• It seems like everyone has a “junk drawer” that is a catch-all for everything from pens to coupons, chip clips to keys, and business cards to nails and screws that you meant to hang that picture with, but couldn’t remember where you put the nail, so you bought new ones. Sort through all of this and put things back in their rightful home, which will free up some space, then use another utensil storage container or small, shallow bins to put similar items in.

Refrigerator & Freezer:

  • Most of us have a plethora of condiments that are only partially used, and for some reason these bottles and jars continue to grow and take over our door shelves, and maybe even encroach onto the main shelves. It’s something we all face, so go through each one to check the expiration date. If it’s expired, throw it away, unless it’s a glass jar, then consider reusing it in the pantry (see below). Next, try to be resourceful and use what condiments remain in your cooking whenever possible, and only buy more once you run out.
  • The freezer is much like the junk drawer – it’s a catch all for leftovers and grocery deals that were too hard to pass up like the buy one, get 11 free bags of corn. Great, now we have a dozen of something we may never use in our lifetime, and once we do get around it, provided that we can find it buried amongst the value priced meat, it too, is expired. Just like the condiments, check the expiration date and throw out anything past its prime. The same thing goes for anything you can visibly see is freezer burnt, which will not taste good and has lost its initial quality. It’s a good practice to vacuum seal food, or at least put in a zip top or air tight container and label it directly on the bag, or write on a piece of masking tape and stick to the container. The information should indicate the contents and date it was packaged and frozen. Most items, when properly packaged and sealed, will last about six months.
  • As both of these get cleaned out and more room is made, there will be improved cold air circulation throughout and you may be able to turn its thermostat up a degree or two since it’s not working as hard to keep everything cold, which can save a little bit of money throughout the year!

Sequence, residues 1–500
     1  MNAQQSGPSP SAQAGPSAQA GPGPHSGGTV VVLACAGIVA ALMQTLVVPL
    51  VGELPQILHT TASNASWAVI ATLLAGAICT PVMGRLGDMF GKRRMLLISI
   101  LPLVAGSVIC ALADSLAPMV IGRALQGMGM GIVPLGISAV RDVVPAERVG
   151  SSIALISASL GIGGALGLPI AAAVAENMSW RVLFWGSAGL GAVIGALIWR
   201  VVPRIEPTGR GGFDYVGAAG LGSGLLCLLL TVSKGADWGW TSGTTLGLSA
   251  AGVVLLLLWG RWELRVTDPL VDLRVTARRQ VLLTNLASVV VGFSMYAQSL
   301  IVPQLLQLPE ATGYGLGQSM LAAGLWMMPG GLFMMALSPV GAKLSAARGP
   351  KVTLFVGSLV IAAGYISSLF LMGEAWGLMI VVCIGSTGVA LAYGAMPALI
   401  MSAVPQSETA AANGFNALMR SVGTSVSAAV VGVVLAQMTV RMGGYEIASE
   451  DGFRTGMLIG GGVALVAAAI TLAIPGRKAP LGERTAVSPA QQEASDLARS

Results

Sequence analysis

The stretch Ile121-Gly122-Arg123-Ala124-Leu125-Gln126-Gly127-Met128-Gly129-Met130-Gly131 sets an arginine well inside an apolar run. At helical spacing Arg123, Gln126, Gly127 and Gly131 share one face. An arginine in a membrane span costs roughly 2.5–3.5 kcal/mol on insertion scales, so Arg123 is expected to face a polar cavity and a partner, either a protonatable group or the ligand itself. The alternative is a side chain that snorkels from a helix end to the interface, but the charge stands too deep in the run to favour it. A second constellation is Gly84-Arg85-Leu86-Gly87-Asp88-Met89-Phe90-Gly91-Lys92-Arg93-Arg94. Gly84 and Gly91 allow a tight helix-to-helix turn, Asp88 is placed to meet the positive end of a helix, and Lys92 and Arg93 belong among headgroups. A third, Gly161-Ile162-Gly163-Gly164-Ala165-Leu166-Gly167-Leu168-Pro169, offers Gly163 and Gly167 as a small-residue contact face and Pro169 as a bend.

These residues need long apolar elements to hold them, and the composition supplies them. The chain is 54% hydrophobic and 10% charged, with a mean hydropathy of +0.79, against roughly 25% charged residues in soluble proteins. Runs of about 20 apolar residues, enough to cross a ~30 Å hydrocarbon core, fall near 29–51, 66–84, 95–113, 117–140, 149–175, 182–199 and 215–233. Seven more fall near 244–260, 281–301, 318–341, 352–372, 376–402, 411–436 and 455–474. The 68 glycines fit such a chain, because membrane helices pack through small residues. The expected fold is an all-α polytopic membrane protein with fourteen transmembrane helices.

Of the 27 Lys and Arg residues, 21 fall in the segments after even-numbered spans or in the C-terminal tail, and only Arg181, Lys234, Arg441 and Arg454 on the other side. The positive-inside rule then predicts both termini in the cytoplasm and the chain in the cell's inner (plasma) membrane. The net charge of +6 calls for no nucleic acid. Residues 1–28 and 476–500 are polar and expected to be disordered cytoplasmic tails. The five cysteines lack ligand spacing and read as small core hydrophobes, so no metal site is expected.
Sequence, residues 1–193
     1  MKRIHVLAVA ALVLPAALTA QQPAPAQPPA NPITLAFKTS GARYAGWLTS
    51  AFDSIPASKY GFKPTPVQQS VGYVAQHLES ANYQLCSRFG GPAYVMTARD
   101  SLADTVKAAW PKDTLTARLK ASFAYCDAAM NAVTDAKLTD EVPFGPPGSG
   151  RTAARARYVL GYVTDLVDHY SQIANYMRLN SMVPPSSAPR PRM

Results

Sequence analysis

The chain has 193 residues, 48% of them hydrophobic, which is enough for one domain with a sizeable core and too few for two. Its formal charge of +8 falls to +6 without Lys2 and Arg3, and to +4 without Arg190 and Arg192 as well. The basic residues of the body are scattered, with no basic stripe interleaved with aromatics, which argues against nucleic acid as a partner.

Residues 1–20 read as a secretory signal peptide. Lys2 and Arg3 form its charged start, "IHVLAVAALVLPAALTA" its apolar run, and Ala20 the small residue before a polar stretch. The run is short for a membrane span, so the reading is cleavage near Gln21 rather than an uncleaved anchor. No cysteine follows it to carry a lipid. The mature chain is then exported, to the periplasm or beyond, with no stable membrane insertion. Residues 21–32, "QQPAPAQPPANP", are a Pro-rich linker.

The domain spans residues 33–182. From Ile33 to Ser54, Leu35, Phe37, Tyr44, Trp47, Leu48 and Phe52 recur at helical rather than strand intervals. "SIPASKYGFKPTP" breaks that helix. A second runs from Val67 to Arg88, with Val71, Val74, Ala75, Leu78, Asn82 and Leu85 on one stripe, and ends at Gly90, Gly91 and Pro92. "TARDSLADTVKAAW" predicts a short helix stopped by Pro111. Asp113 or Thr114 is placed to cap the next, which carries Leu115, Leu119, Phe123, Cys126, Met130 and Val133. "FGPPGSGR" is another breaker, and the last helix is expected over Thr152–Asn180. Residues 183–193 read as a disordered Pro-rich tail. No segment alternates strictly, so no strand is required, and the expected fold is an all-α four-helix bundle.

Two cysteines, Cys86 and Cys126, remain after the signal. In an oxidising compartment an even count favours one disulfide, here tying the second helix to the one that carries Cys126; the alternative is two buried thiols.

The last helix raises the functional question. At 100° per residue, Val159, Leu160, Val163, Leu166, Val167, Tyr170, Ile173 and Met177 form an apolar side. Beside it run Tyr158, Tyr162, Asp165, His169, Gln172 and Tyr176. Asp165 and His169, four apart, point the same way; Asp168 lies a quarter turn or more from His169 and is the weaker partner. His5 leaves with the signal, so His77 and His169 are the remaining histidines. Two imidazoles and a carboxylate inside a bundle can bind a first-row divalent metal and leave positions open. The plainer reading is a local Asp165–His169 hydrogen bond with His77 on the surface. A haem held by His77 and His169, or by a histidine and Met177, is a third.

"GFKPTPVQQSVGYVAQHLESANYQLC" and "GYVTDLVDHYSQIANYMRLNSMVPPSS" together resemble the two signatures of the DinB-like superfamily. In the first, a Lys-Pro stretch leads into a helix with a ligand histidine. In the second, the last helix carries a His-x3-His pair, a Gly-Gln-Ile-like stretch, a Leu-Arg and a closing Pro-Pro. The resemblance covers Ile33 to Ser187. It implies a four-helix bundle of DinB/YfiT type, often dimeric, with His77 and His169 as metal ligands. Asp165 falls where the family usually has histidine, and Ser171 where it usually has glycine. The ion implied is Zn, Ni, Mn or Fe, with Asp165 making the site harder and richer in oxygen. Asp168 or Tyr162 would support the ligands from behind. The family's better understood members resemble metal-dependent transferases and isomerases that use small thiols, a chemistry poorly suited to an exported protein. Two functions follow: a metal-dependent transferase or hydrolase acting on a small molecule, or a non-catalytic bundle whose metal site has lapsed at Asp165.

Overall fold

• Much like the rest of the kitchen, you’ll want to address the pantry by grouping like items together (oils, canned and boxed items by type of food, grains, cereals, chips, etc.) in order to quickly find what you need, and then place the most commonly used items at eye level then move down the shelves. All other items that are infrequently used or are excess from the cabinets should be stored at the top. Don’t forget your step ladder!
  • If you ever buy items in bulk, such as oatmeal, rice, dried fruits, seeds, nuts, etc., you can repurpose your storage containers and your empty and cleaned condiment jars and put these types of items in there, which makes it easy to see the contents and make you more inclined to use them. A label maker is great for this project by identifying the contents, which helps keep things clean and tidy!

Many retailers have all kinds of items for organizing your stuff, and there are even specialty stores that feature nothing but organizational tools, so once you have a plan in place, visit one of these wonderlands of orderliness and discover what will help you maintain your newfound organization!

Being organized helps you move more fluidly throughout your day, offers a sense of calm and order, and also allows you to be more efficient with your time. Now what do you say about tackling the garage? Maybe next weekend.